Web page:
However, the Court does acknowledges that a dispute concerning the material facts alleged by Plaintiff may arise. See QOTD Film Inv. Ltd. v. Starr, No. C16-371RSL, 2016 WL 5817027, at *2 (W.D. Wash. Oct. 5, 2016) (acknowledging that dispute concerning material facts may arise in BitTorrent infringement cases). The Court also notes that the amount at stake is likely not a modest sum for Defendant, as Plaintiff contends. Plaintiff seeks the minimum statutory damages award of $750, attorneys' fees of $3,028.00, and costs of $525. Dkt. #41 at 5; Dkt. #42 at ¶¶ 10-12. Notwithstanding these considerations, the Eitel factors weigh in favor of granting default judgment against Defendant.
C. Appropriate Relief.
The Court next considers what relief to grant Plaintiff. Plaintiff seeks the following three categories of relief from Defendant: (1) permanent injunctive relief; (2) statutory damages; and (3) attorneys' fees and costs. Each category is discussed in turn below.
i. Permanent Injunctive Relief
Permanent injunctive relief is proper in this matter. Courts may "grant temporary and final injunctions on such terms as it may deem reasonable to prevent or restrain infringement of a copyright." 17 U.S.C. § 502(a). Courts may also order the destruction of all copies of a work made or used in violation of a copyright owner's exclusive rights. 17 U.S.C. § 503(b). Given the nature of the BitTorrent system, and because Defendant has been found liable for infringement, Defendant possesses the means to continue infringing. See MAI Sys. Corp. v. Peak Computer, Inc., 991 F.2d 511, 520 (9th Cir. 1993) (granting permanent injunction where "liability has been established and there is a threat of continuing violations"). Consequently, the Court grants Plaintiff's request, enjoins Defendant from infringing Plaintiff's rights in The Hitman's Bodyguard, and orders Defendant to destroy all unauthorized copies of The Hitman's Bodyguard.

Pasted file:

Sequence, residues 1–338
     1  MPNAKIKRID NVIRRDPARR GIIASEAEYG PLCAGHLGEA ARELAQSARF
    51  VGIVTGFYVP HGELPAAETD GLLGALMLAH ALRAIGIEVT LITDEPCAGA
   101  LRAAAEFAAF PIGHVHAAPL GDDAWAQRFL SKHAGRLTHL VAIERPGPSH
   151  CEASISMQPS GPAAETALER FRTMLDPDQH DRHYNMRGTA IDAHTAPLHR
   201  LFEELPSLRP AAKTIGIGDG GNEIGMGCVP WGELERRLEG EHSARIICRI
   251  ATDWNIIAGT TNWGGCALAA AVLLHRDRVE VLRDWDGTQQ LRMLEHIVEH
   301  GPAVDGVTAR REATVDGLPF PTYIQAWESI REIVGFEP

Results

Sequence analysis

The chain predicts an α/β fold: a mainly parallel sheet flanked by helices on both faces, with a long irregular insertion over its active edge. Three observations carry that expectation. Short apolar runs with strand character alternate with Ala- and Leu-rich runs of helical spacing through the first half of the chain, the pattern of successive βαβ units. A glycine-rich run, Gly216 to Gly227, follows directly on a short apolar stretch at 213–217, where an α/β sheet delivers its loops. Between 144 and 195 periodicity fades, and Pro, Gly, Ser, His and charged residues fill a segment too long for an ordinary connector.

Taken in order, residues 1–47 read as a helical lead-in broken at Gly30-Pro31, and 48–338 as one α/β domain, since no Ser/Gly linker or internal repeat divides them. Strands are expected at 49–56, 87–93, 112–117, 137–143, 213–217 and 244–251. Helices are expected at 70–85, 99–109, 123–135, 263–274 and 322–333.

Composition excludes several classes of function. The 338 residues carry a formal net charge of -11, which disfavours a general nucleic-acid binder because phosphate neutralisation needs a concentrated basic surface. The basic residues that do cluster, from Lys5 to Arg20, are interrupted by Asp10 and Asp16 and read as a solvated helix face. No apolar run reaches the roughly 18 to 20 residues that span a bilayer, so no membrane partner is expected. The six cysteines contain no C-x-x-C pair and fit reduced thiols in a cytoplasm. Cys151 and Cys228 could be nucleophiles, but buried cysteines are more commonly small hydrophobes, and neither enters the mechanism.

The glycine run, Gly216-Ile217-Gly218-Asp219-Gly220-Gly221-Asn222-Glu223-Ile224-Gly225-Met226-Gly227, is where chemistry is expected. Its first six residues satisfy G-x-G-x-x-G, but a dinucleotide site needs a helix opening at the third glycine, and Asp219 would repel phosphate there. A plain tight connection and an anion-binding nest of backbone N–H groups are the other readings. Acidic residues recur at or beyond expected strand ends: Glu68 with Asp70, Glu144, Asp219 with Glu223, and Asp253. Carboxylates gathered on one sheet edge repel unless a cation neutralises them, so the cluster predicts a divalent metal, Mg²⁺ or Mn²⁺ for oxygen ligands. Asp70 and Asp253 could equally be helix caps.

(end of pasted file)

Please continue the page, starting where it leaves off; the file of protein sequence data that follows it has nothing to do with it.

ii. Statutory Damages
The Court also awards statutory damages of $750 for Defendant's infringement of The Hitman's Bodyguard. The Copyright Act allows a plaintiff to choose between actual or statutory damages. See 17 U.S.C. §§ 504(b), (c)(1). An individual infringer, infringing on one work, may be liable for a sum ranging from $750 to $30,000. 17 U.S.C. §504(c)(1). The Court has "wide discretion in determining the amount of statutory damages to be awarded, constrained only by the specified maxima and minima," and they can take into account whether "the recovery sought is proportional to the harm caused by defendant's conduct." Harris v. Emus Records Corp., 734 F.2d 1329, 1355 (9th Cir. 1984). Recently, this Court has awarded statutory damages of $750 in similar actions, and finds that $750 is an appropriate award here. See, e.g. LHF Prods. Inc. v. Doe 1, C16-1354RSM, Dkt. #65 at 6-7 (W.D. Wash. Aug. 7, 2018) ($750 statutory damages with eight defendants jointly and severally liable). Plaintiff also only requests $750 and, more importantly, the Ninth Circuit has determined that an award of $750 is appropriate. LHF Prods. Inc. v. Doe 1, 736 F. App'x 688, 2018 WL 3017156 (9th Cir. June 18, 2018).